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Change Required For Higher Rates

Overcapacity remains in the sector, where fleet growth is extremely uneven.


The growing imports of loaded containers into the US East Coast (USEC) continues to be a focal point for the container shipping industry. Growing by 10.4% in Q1-2018, the first three months saw 215,000 TEU more entering the USEC than in Q1-2017. Exports grew by 55,000 TEU in the same time span, growing outbound loaded containers by 3.8%.

This illustrates the constantly changing imbalance in US foreign trade. For every five containers entering the USEC in 2013, four were exported. In 2018, six containers are entering for every four leaving. The USEC trade lanes becomes more imbalanced by the day. This pattern is also seen on the US West Coast (USWC) trade lanes. For every ten containers entering the USWC in 2013, six were exported. In 2018, ten containers are entering for every five leaving. A clear sign of imports growing stronger than exports.

Despite the positive demand growth, freight rates have lost traction. The broad-based China Containerized Freight Index (CCFI) which covers ten major Chinese ports and includes not only spot rates, but also long-term contracts are down by 5% on average for China-USEC trades and down by 7% on average for China-USWC for the first 18 weeks of 2018. If singled out, the decline in spot rates alone is much deeper, as the USEC is down by 18% and USWC dropped 22% for the first 18 weeks of 2018 as compared to the same time last year.

Similar worrying signs are seen in the Far East to Europe trade. CCFI is down by 3% on average as compared to last year, whereas the spot rates (SCFI) have slid 15%. The latter was quoted at USD 584 per TEU for the week ending 20 April but rebounded to USD 825 per TEU at the end of May.

It’s not just freight rates that are low, growth in shipped volumes are also weak. During Q1-2018, transportation grew a meagre 1%. Only, 36,572 TEU more was dispatched compared to last year. If we assume a roundtrip on the Far East to Europe trade takes 10 weeks, that kind of growth requires only two additional 15,000 TEU containerships at a utilisation rate of 95%.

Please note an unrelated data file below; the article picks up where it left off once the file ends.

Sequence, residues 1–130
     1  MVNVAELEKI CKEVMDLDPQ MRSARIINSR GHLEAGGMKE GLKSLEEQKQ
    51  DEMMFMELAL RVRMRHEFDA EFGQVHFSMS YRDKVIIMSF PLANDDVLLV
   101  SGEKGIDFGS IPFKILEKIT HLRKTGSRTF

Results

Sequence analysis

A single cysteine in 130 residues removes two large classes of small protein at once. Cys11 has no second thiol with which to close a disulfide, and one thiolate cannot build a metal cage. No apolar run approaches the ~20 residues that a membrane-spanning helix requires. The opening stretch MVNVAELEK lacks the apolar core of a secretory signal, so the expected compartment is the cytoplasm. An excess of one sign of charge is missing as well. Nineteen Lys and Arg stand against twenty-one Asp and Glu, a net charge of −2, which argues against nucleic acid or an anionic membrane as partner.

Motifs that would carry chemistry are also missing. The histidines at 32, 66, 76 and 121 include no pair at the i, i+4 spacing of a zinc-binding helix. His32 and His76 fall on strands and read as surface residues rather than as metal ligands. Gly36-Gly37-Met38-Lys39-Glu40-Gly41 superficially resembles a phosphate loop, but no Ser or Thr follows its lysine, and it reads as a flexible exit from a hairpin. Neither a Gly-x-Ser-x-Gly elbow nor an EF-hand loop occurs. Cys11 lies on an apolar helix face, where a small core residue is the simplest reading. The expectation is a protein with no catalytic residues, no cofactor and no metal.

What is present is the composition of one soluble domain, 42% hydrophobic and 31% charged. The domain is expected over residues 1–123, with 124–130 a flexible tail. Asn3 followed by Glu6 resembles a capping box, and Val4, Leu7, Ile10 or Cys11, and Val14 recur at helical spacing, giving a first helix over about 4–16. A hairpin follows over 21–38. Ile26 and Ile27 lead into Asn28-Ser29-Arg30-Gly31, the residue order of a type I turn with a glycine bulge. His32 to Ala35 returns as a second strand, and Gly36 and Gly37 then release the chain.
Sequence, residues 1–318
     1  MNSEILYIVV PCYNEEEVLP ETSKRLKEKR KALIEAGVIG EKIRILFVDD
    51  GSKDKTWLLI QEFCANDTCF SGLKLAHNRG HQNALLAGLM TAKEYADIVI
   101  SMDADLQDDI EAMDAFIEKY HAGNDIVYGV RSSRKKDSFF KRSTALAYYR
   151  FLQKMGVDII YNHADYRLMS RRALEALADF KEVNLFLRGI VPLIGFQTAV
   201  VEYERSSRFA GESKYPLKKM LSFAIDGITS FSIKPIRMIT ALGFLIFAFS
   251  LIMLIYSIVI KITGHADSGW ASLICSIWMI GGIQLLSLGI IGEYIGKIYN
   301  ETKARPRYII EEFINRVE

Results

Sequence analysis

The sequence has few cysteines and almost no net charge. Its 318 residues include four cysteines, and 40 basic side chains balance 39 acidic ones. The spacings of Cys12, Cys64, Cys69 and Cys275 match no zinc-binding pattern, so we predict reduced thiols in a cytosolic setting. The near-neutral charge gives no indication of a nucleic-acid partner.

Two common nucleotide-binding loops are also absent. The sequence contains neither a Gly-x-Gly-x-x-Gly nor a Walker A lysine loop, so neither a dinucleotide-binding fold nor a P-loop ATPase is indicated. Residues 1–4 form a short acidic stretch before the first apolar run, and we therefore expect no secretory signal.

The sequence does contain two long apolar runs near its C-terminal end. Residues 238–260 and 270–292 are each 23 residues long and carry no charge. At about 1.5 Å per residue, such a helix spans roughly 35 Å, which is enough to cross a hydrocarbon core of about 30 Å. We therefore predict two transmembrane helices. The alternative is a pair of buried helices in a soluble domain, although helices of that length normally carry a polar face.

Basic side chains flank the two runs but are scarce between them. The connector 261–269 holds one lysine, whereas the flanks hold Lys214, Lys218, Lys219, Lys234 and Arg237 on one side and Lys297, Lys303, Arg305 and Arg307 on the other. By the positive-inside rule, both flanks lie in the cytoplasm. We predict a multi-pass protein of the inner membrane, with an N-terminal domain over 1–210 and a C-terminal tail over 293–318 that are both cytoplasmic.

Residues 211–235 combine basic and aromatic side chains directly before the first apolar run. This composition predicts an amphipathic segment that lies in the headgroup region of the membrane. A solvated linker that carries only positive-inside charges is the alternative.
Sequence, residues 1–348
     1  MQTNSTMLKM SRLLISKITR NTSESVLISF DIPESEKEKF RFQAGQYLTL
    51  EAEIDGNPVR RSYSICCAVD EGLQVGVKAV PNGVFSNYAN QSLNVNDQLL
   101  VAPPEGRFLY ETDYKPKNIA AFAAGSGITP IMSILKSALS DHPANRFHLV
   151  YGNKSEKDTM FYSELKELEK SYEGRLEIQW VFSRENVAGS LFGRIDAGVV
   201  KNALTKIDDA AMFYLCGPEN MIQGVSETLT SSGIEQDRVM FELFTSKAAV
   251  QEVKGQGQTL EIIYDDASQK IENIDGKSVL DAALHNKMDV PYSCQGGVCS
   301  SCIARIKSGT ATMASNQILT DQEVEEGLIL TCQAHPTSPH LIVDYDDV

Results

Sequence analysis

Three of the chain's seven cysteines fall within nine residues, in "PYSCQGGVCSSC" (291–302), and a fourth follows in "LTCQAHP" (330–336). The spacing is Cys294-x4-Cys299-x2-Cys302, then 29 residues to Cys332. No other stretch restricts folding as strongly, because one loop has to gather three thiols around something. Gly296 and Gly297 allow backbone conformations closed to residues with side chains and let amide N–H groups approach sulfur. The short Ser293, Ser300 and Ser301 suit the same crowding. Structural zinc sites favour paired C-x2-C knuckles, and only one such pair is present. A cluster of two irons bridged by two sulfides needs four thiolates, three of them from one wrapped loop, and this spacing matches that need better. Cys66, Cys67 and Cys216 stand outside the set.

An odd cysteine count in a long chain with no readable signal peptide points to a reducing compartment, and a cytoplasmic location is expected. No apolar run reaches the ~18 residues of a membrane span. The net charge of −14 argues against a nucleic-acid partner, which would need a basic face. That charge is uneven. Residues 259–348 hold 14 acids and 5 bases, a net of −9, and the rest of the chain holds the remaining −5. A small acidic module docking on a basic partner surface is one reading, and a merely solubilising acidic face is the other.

Of lesser importance, but still significant, backhaul trades in Q1-2018 from Europe and North America into the Far East are suffering a lot, falling by 8% and 5% respectively. Partly due to very strong growth on those trade in Q1-2017. Over a two-year period, Q1 backhaul volumes are up by 6.4% for Europe and 7% for North America. (Source: CTS)

In general, backhaul volumes into China are negatively affected by the import ban of waste products that came into force on 1 January 2018.

As highlighted within our macroeconomic section, EU manufacturing PMI has lost pace in 2018, another reason behind the lost volumes.


The container ship fleet has now grown by 2.9% in the first four and a half months of 2018. BIMCO expects 1.1m TEU gross to be delivered for the full year and 250,000 TEU to get demolished with the fleet growing by 4.3%. By 1 May, 64 ships with a combined capacity of 534,000 TEU have been delivered. Out of which 35 ships were below 4,000 TEU in size and 10 ships were above 20,000 TEU.

In terms of demolishing containerships, January was weak and February even weaker. The months of March and April only had one containership each demolished. At such low pace we will not get to the 250,000 TEU in demolitions BIMCO expects. However, our estimate remains unchanged for the time being as when reality bites in selected places of the freight market, we expect demolition to pick up. Should demolition volumes only reach 100,000 TEU, the fleet would then grow by an estimated 5.0%.

We continue to see no large containerships being demolished, with a 2018-average of 1,840 TEU for the 14 demolished ships, as the large containerships are still quite new. The average size of a newbuild ships is 8,350 TEU. Overcapacity remains in the sector, where fleet growth is extremely uneven.